Advisers are likely to have to cover minimum compensation costs of almost £11.5m as a result of claims against failed stockbroker Wills & Co.
The FSCS has decided to place the company, which was declared in default in July, in the investment intermediation sub-class, meaning any costs relating to successful client compensation claims will be levied on advisers.
Early indications suggest minimum compensation could be as much as £11.4m. The FSCS has so far received 1,400 claims in total, but has only dealt with 80. Each claim is capped at a maximum of £50,000, but payouts so far have reached £650,000.
However, the compensation scheme stresses it deals with claims on a case by case basis and says it is too early to say how much total compensation will be.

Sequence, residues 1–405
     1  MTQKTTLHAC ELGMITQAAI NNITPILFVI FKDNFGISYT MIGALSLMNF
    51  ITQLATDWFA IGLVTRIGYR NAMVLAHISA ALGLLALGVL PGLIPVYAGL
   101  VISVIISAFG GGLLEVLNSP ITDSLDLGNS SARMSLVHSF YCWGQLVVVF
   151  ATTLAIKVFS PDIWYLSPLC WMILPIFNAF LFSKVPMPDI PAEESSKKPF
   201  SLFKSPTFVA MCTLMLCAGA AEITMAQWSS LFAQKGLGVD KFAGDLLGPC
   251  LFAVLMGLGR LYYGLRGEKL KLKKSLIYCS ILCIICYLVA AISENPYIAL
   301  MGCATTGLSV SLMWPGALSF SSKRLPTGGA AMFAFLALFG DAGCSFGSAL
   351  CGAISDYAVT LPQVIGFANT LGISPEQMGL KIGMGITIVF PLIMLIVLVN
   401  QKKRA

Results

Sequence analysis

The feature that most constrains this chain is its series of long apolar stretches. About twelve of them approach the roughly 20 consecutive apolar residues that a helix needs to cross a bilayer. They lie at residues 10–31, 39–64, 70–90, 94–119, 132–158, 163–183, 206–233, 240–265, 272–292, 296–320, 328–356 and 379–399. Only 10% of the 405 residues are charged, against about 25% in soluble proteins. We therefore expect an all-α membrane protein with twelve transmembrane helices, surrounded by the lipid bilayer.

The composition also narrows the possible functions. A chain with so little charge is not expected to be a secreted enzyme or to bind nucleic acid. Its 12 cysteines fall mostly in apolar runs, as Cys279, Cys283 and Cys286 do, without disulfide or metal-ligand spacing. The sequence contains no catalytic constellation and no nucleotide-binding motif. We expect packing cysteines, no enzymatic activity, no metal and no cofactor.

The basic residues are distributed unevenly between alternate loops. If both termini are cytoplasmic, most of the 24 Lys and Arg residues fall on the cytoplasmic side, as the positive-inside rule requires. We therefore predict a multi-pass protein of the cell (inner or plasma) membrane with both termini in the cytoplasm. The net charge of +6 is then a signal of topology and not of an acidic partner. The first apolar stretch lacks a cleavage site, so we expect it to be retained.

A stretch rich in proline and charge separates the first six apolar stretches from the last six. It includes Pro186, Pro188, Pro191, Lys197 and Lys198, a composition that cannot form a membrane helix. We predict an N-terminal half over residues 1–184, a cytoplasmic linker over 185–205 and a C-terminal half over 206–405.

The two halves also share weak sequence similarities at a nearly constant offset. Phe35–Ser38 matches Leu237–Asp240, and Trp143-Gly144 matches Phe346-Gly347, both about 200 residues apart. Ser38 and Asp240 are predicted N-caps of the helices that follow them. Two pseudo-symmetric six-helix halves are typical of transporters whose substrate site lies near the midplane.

The FSCS classifies firms depending on the activities they carry out but pays claims "according to what gives rise to the claim". It says the two should, but are not always, the same thing.
Advisers were last year forced to shoulder £58m worth of compensation costs relating to claims against Pacific Continental Securities, Square Mile Capital and Keydata.
All three were placed in the FSCS's investment intermediation sub-class despite strong claims they should have put in the provider category.
In February, Wills & Co, which reportedly had 19,000 customers, was banned by the FSA from giving investment advice and the firm began winding down its business and transferring customers to other FSA regulated firms.
The following month, the regulator lodged a petition for the winding up of Wills & Co in the High Court, but this was later withdrawn.
Today, the financial ombudsman said it has received almost 400 complaints about Wills & Co in the first half of the year, and had found in favour of the client in 99% of cases.
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